Vladimir Gumenyuk, a 73 year old retired KGB officer, vowed to take his secret to his grave so that the location in the countryside around Magdeburg would not become the focus of pilgrimages by neo-Nazis.
The veteran is said to be the last man alive from a team of three who were secretly tasked in 1970 by Yuri Andropov - then KGB leader and later head of the Soviet Union - with digging up the bones of Hitler, his mistress Eva Braun along with the remains of Joseph Goebbels and his family. He told a Russian newspaper that having burned the bones of the Nazi leader and his entourage, he and two colleagues drove the ashes to the top of 'a cliff on a small unnamed stream' before they were released to the wind.
It was a pre-determined location decided by Moscow. 'No-one was there,' he said. 'Twenty seconds - and job was done. It was just the last flight of the Fuhrer.'
Gumenyuk's role was first claimed by Moscow in revelations from the secret services in 2001. Yesterday he gave a few additional details but said he had turned down large sums from the German media to identify the exact spot he disposed of Hitler.
'I believe that the coverage of this subject is not appropriate,' he said. Making clear he would go to his grave with his knowledge, he said: 'There are still too many neo-Nazis around. There would be pilgrimages. They would even put up a monument.'
He said that the had been haunted by a fear of 'failure' since 1970, concerned that knowledge of the operation might leak out before its disclosure was officially sanctioned.
'I and two other colleagues were given a secret order - due to the transfer of a Soviet military town - to burn the remains of Hitler and all his entourage, and blow them to the wind,' said Gumenyuk, who served in a special KGB department linked to the Red Army in East Germany. 'They had been buried there after the war in a secret place. And we were told the coordinates under conditions of such secrecy that even now I cannot tell you everything.'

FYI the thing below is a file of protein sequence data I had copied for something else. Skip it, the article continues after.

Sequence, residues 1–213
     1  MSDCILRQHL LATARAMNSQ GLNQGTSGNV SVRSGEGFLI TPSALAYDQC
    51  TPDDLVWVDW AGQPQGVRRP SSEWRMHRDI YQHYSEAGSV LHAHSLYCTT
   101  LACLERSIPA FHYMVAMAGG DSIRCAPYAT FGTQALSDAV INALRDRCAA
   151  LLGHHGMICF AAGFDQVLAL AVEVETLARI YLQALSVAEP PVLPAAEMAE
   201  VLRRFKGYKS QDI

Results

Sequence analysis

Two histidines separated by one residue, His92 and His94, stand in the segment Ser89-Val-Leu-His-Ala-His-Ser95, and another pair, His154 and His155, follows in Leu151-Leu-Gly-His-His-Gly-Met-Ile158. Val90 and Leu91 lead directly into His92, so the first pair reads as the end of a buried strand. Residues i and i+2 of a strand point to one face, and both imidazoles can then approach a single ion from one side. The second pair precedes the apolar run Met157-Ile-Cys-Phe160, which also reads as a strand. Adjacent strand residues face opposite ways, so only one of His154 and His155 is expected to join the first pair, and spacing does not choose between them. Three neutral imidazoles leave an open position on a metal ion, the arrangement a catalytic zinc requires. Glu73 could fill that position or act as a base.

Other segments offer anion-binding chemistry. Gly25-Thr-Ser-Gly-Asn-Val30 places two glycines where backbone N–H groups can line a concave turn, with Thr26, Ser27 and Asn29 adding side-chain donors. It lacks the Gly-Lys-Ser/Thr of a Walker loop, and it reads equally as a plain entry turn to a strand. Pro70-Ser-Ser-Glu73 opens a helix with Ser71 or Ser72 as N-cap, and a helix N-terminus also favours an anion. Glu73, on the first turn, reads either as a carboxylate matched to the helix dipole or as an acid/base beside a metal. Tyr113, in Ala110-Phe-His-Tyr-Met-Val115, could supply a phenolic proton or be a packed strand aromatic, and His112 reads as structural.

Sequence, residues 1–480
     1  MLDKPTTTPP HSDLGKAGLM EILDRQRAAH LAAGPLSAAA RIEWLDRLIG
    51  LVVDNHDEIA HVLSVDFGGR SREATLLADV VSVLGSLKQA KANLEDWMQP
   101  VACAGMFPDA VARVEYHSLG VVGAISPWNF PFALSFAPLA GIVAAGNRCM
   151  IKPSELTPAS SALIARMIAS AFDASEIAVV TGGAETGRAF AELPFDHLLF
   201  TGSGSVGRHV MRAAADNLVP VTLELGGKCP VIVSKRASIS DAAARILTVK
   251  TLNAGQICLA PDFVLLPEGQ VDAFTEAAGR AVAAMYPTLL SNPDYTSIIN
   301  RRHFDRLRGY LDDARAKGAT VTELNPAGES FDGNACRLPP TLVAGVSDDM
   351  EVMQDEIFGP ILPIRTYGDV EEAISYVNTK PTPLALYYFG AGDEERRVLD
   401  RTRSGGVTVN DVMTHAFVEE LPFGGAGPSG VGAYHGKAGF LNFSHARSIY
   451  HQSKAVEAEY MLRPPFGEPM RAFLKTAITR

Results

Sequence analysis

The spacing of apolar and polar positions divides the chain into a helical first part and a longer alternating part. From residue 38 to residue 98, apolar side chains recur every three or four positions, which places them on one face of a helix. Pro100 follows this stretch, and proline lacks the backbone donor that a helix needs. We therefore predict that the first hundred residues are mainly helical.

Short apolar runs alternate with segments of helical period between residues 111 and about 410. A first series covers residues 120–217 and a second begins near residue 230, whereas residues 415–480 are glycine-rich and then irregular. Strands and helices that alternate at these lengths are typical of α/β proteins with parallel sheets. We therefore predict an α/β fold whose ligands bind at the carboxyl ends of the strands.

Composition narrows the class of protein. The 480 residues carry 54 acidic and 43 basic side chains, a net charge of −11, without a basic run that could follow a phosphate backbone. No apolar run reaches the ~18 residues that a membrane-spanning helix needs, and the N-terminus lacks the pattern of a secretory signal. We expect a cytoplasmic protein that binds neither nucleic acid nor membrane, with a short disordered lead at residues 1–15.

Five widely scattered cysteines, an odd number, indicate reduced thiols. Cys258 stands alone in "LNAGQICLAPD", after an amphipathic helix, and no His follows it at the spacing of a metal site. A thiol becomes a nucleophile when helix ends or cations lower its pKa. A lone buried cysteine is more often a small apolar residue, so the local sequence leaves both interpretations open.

The burial location at the Soviet military base was surrounded by German-built tower blocks, he said. When they went to dig up the macabre remains, they pretended to be fishermen on a trip, and pitched a tent over the site where the bones had been hidden in the aftermath of the war.
Their initial dig failed to produce any results. But then they realised they had counted 45 metres instead of 45 paces from a secret co-ordinate, so they moved the tent. Five feet below the surface, they found the rotting wooden crates that the German high command had been buried in. 'The remains had been lying for a long time in the ground, and I'm generally a squeamish person, so I took rubber gloves, boots, and a special suit of chemical protection.
'I thought the smell would be terrible, and even took the mask. 'But when they began to dig, nothing like that happened. Sometimes when digging in the garden, you find a bone - it was the same thing here. We shifted the bones and put the ground back.'
Their order was to burn the bones 'but in Germany the fire at night, even at the river bank is something quite unusual. The people here are disciplined, and it wasn't allowed to make fires outside in the GDR.' So they waited until morning, he said, drove around Magdeburg making sure they were not being followed, and went to a river, a sport screened by trees, posing as fishermen.
They lit a fire to make soup - and then a second blaze to burn Hitler's remains.
'We wasted the whole canister of gasoline on him,' he said. Later he collected the ashes in his rucksack and 'went to a pre-determined location' - by the cliff - where they disposed of Hitler. 'It was over in no time at all. I opened up the rucksack, the wind caught the ashes up in a little brown cloud, and in a second they were gone.'
He wrote a report saying they had completed the task, never talking about it, even to his wife.